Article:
Find out how you can better develop inner resources — and be ready to tap external talent when you need it

Approximately one-half of business leaders who responded to a recent global survey on succession planning admitted that their organizations did not have a solid pipeline of candidates who would be considered “ready now” to assume critical leadership roles.

Only 32 percent said their organizations were doing a good job in cultivating leaders.

Creating a robust external talent pool can help you prepare to quickly hire new employees to fill key positions. Similarly, a strong internal talent pool can help strengthen employee retention and reduce training and acclimation time once a position opens up.

For overloaded HR departments, though, determining where to start can be a struggle.

If your company’s succession plan is missing a strong external or internal talent component — and you’re looking for effective, fast ways to remedy the situation — the following tips can help you institute and oversee a successful internal and external talent pool program.

Maximizing potential internal candidates

Establish internal talent pools

Not only will you save the expense and often damaging delays that can occur when you need to suddenly search for candidates, an internal talent pool may help you find a more permanent staffing choice. Outside hires, according to Recruiter, are reportedly 61 percent more likely to be let go from a new job than an internal candidate, who brings experience and training to the role.

Strengthen candidate skill sets from within

Develop future company leaders — while, at the same time, expressing that you feel the employee is valuable and helping to boost employee satisfaction and retention rates — by investing in quality training for current employees who may be candidates for higher positions in the future. InformationWeek suggests polling employees at various times to find out what topics they’d like further education in; subsequent training opportunities can also be billed as employee rewards for strong service.

Make changes if your current workforce won’t adequately support your future goals

Your talent pipelines should be based on your business strategy—whether that involves focusing on sales, manufacturing or other elements or other elements that will help you grow your business. That type of structure will help you more accurately identify key roles you may need to eventually fill—and the emerging internal talent who will be able to fill them. If your current employee base lacks strong candidates for future leadership roles, it may be time to reconsider your current hiring methods.

Solve Your Most Critical Internal and External Talent Pool Issues - Talent IntelligenceHandling external talent

Track down rising stars

Industry magazines and websites can help you find players who are “creating a stir within your sector,” according to, which also suggests using conferences, professional associations and other industry events as recruiting opportunities to find external talent hires who can blossom within your organization.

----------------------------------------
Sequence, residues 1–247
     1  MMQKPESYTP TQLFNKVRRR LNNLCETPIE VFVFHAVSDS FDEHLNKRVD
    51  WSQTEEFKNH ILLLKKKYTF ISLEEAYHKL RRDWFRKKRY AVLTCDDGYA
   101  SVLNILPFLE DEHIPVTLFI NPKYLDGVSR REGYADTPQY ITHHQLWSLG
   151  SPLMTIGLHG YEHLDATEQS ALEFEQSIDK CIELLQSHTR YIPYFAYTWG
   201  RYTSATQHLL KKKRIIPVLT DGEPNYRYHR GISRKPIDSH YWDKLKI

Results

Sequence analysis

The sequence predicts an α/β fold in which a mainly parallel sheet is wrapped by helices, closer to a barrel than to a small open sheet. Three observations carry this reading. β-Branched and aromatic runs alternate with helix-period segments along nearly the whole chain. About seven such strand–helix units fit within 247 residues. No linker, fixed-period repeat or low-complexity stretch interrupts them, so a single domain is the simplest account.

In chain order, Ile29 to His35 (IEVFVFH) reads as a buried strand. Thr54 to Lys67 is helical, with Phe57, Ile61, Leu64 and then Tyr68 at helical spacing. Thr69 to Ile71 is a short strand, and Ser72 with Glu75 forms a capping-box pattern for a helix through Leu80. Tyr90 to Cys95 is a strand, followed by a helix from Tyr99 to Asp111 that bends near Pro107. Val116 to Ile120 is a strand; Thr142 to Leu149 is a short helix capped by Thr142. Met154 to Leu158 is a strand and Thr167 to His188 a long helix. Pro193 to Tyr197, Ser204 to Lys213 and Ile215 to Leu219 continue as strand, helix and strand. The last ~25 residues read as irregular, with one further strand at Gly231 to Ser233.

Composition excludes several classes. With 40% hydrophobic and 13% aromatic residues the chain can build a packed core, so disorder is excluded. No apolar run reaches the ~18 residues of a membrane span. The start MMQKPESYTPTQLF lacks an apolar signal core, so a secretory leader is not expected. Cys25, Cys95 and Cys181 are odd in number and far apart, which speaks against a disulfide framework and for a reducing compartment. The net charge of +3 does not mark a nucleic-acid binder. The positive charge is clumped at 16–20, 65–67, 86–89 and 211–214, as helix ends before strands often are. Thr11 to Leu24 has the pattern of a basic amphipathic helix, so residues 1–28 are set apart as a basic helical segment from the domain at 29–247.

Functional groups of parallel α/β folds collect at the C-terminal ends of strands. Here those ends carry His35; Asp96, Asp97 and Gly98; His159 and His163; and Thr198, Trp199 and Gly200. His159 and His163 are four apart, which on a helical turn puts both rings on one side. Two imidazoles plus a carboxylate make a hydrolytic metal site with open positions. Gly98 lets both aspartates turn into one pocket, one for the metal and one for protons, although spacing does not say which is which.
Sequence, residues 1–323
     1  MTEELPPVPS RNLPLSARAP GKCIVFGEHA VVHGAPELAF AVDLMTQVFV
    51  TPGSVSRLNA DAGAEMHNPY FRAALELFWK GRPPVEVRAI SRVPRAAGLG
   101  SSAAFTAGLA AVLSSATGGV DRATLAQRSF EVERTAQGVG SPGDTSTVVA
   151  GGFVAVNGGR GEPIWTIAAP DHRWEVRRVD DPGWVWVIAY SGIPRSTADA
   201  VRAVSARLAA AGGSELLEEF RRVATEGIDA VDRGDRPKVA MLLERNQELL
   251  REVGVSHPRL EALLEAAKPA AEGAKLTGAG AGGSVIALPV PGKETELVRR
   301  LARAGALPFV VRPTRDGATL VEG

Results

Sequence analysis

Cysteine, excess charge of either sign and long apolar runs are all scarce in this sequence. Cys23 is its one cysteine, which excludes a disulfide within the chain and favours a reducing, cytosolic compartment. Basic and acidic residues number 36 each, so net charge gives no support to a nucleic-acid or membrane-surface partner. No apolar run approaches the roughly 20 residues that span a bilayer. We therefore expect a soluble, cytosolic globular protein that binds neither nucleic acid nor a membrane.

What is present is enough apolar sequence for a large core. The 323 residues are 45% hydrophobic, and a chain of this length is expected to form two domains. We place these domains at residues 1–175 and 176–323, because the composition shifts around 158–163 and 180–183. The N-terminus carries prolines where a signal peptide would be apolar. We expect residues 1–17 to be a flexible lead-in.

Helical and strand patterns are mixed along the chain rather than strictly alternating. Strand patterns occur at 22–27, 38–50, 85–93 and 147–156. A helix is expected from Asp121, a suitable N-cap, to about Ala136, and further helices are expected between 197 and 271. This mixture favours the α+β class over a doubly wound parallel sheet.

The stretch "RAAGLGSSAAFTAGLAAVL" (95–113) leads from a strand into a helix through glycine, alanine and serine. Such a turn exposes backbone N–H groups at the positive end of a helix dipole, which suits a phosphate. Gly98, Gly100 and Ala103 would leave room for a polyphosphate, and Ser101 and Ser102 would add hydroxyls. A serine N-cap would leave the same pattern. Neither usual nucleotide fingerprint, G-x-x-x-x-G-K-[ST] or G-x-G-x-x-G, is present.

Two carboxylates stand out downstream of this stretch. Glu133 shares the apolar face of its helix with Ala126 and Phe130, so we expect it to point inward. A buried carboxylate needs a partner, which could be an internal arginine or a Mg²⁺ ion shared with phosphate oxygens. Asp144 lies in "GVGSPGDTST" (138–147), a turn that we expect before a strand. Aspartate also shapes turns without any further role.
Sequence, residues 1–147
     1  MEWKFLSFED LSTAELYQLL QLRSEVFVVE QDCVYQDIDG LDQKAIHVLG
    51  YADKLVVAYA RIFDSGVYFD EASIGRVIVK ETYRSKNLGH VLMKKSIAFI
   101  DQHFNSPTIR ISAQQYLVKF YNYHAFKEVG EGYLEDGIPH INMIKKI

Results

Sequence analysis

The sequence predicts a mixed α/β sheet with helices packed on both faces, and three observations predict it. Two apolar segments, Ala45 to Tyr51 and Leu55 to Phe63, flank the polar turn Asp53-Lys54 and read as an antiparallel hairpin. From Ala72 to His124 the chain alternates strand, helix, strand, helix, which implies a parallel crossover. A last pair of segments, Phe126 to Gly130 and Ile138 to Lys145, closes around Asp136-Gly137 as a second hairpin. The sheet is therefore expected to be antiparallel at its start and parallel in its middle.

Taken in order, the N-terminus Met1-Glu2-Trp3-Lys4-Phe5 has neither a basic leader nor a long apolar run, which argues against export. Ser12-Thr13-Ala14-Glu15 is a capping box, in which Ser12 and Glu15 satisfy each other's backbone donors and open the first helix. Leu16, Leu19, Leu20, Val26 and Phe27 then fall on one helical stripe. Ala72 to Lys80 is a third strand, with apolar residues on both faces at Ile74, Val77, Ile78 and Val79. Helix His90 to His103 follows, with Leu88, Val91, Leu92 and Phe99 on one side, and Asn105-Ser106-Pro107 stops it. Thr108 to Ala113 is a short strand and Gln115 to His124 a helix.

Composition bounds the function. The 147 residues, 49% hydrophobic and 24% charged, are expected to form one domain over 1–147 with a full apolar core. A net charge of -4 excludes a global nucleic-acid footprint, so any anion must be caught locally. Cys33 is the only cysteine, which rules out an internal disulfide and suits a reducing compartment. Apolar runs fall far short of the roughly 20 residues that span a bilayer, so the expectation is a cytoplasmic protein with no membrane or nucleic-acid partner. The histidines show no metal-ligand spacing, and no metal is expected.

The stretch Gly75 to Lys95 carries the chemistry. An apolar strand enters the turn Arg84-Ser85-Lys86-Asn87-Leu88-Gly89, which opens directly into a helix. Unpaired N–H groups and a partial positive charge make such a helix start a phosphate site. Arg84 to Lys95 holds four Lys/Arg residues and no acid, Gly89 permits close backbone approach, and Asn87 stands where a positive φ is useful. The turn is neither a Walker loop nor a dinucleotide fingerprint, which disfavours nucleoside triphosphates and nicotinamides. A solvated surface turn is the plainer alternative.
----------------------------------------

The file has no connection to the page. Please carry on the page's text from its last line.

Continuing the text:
Consider previous applicants

Recruiter recommends circling back to re-examine qualified applicants who may not have made it past the last interview round as potential external talent pool options. Their experience may be better suited for another position; or they may have gained additional skills since you last spoke.

And take copious notes during future interviews

If you haven’t been faithfully cataloging your conversations with nearly hired candidates, it’s time to start. A recent Fast Company article suggested employers ask candidates why they’re interested in talking with a recruiter or company representative and what they like best about their job to gauge their interest in an open position. An expanded line of questioning can also help you estimate their interest — and relevance — for future openings, if you ask the right questions and record details from each interview.

Many organizations employ a blend of both internal and external talent pool-building philosophies to prepare for the future. Some may focus on one more than the other, depending on their current staffing situation and anticipated requirements.

External and internal talent pool resources may change over time, in the same way an organization’s staffing forecast may change. To ensure they’ve prepared as much as possible to fill key future openings, companies should institute a system that helps them constantly review and assess their projected needs.

A thorough, carefully enacted talent pool review procedure may not always ensure a company will have the ideal candidate in mind — however, chances are, it can help the organization react much faster when a position is unexpectedly vacated. Consider using these three tips to create a stronger talent pipelining program.